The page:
The Model uses a traditional four-step process to estimate link flows from TAZ-based population and employment. The trip generation sub-module combines these TAZ-based characteristics with the town-based fractions of cross-classified number of household members and workers to calculate home-based trips produced by each internal TAZ. Trip attractions for all purposes and trip-productions for the non-home-based (NHB) purpose are generated for each TAZ using purpose-specific regression equations, each of which utilizes a different set of employment and/or population characteristic. Truck (TRUCK) productions and attractions are taken as a fraction of the NHB trip totals corresponding to the fraction of trucks in traffic counts in the TAZ.. Total non-TRUCK external person trips (PTs) are then subdivided by the other four trip types using an external trip-fractions table estimated from the NHTS data. The trip production- output is held constant while attractions are adjusted by TAZ to create a balanced trip table.
The passenger trip distribution sub-module takes the balanced productions and attractions table, a matrix of free-flow travel times between TAZs (based on travel at 5 mph over the speed limit, with terminal times of between 1 and 4 minutes for origin and destination) and a set of impedance functions to generate a P-A matrix between all TAZs using the Gravity Model. Since the STM is a daily model, all trips are assumed to return to their origin, necessitating that the final matrix be diagonally symmetric. So the set of trip-specific matrices resulting from the Gravity Model application are transposed, then average with their originals, creating symmetrical matrices with same trip totals as the balanced trip table.
Prior to the network assignment sub-module, the symmetrical person-trip matrices resulting from the trip distribution step are converted to vehicle-trip matrices by applying vehicle-occupancy rates by trip type for internal and external travel (from the NHTS). The assignment sub-module employs a user-equilibrium optimization to distribute trips onto the network, resulting in vehicle flows and congested travel speeds by link for the entire state.
With these improvements, the Model provides the state of Vermont with a useful cost-effective tool to:
4. Assistance in Model Specification and Design
At this time, VTrans seeks a peer review of its Model specifications, design, and plan for future improvement. VTrans trusts that the recommendations of the panel will be innovative, state-of-the-practice ideas and looks forward to including recommended tasks in its work program to enhance Model development and refinement. The panel will also be asked to outline the strengths and weaknesses of the existing Model, and to assist in determining whether application of current or more advanced Models can inform issues specifically faced by the State of Vermont, as deemed necessary by VTrans. VTrans continued commitment to travel modeling is evidenced by its partnership with the TRC in hosting and improving the Model's capabilities. It is anticipated that considerable discussion will take place about the merits of moving towards more advanced sub-modules, and which approach(es) are capable of providing the greatest benefits for VTrans.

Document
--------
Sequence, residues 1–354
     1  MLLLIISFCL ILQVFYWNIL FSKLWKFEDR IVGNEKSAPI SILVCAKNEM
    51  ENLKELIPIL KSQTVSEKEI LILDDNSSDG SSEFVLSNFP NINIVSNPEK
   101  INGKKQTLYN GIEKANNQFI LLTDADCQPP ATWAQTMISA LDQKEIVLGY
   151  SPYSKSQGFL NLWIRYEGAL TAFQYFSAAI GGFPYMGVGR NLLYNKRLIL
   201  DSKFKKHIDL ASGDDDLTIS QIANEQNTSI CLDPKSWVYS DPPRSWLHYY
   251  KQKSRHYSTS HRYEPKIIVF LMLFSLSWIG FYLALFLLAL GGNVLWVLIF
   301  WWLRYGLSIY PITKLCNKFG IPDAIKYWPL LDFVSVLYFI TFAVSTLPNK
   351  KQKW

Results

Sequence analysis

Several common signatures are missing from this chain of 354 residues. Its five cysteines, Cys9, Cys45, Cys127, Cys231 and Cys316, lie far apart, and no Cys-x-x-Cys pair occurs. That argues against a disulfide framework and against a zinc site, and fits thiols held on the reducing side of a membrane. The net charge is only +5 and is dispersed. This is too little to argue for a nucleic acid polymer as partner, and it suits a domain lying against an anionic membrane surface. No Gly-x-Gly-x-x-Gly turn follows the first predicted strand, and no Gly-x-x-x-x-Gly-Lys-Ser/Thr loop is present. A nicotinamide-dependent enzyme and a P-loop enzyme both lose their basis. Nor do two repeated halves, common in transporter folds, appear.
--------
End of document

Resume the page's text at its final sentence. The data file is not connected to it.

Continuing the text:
How the Models can inform the VTrans's specific desired planning outcomes will be an important topic. The strategic challenges that came out of the Agency's strategic planning work are listed below:
A path and process for continued improvement over the next five years, and priorities for implementation, are particularly sought. Some of the specific improvements that VTrans and the TRC are considering include:
5. Proposed Panel and Availability
Due to VTrans and TRC staff's time constraints with ongoing work, we request the assistance of TMIP staff to put together the members of the peer review panel. The make-up of this panel will hopefully consist of individuals with experience in the issues faced by statewide modelers in the US. TRC staff members have made use of resource materials produced in conjunction with statewide modelers in Connecticut, Florida, Ohio, and Oregon, so it would be ideal if one or more of those DOTs could be represented. In addition, it would be useful to include the following local stakeholders in the Vermont travel modeling community:
The TRC staff contact will be responsible for contacting the local stakeholders. Both TRC staff and VTrans Policy, Planning & Intermodal Development staff will participate in the TMIP review.
6. Schedule and Cost
VTrans would like to conduct the TMIP peer review using video- and telephone-conferencing to avoid the need for travel by panelists. VTrans's responsibilities will be carried out by the TRC staff contact person. Therefore, the only expected commitment from peer review panelists will be time to participate in the review meeting, time to review documents and provide comments, and time to present the recommendations of the review committee.
The TRC staff contact for this peer review has time dedicated to the process in an existing contractual relationship with VTrans. Therefore, we are seeking to implement the process and host a review meeting as soon as possible. Our expectation is that we will be able to begin the implementation of the peer-review recommendations in the next 3-4 months.